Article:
As the jerky market has migrated towards preservative-free, natural ingredients, so has Country Archer. The company claims it's jerky is handcrafted, made in small batches, using all natural ingredients.
This Turkey Teriyaki is marketed as being free of preservatives and MSG, and as having a "big taste". It's also labeled, "Private Reserve", suggesting it's better than normal. It also appears to have the same ingredients as the company's Beef Teriyaki I reviewed a couple weeks ago.
Turkey, teriyaki sauce, brown sugar, pineapple juice, worcestershire sauce, garlic powder, lemon juice, black pepper, ginger powder
The first flavors that come to my palate are a heavy sweet, a light saltiness, and a noticeable teriyaki sauce. There's also that turkey jerky flavor too. The chewing brings on some hints of ginger, a bit of garlic, and traces of black pepper.
For being labeled as a Teriyaki Turkey Jerky, it's holds up somewhat. It does have a teriyaki sauce flavor, very much like something you'd get from a bottle of Kikkoman. Except, I'm not able to get much of the fermented quality that typically comes from the mirin wine ingredient. This tends to taste heavily sweetened soy sauce with some ginger added. But for all intents and purposes, it has a teriyaki flavor much like other national brands of jerky.
The turkey meat does impart a noticeable turkey meat flavor, which also adds to the overall taste profile.
Otherwise, the primary taste profile is that of a heavily sweetened teriyaki sauce, with a noticeable turkey meat flavor, and traces of ginger, garlic, and black pepper.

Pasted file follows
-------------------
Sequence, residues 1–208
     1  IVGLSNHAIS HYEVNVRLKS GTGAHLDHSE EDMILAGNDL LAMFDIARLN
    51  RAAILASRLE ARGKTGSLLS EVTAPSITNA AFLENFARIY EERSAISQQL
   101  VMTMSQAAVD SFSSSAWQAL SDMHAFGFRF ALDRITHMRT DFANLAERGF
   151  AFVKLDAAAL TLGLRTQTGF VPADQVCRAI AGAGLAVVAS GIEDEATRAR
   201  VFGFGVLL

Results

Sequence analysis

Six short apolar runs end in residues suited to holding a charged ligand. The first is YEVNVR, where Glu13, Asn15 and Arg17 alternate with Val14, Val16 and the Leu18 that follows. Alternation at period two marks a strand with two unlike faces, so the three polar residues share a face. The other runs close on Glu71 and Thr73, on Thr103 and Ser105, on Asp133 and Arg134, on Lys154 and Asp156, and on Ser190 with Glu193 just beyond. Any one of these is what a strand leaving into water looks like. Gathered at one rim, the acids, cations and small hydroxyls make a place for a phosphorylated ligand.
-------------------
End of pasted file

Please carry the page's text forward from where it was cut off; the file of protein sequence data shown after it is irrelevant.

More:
The meat consistency looks and feels like classic turkey jerky, particular from competing national brands like Jack Links, Oberto, Bridgford, et al. It has something of a meaty chew, but not close to chewing baked, broiled, or deep fried turkey. This is blend of mushy, rubbery, crumbly, and pasty, which I find is actually typical of many turkey jerky brands. It's easy to eat, doesn't wear out my jaw muscles, but yet doesn't give me the satisfaction of chewing real meat.
This Teriyaki Turkey jerky from Country Archer offers what I think is technically an authentic teriyaki flavor, though I felt it could have a bit more mirin wine to boost the fermented quality. Perhaps in the dehydration process, those subtle flavors become lost. Otherwise, it tastes and feels like typical teriyaki turkey jerky, and offers nothing unusual or unique. It's not bad flavor or texture, just not interesting, and nothing better than normal.
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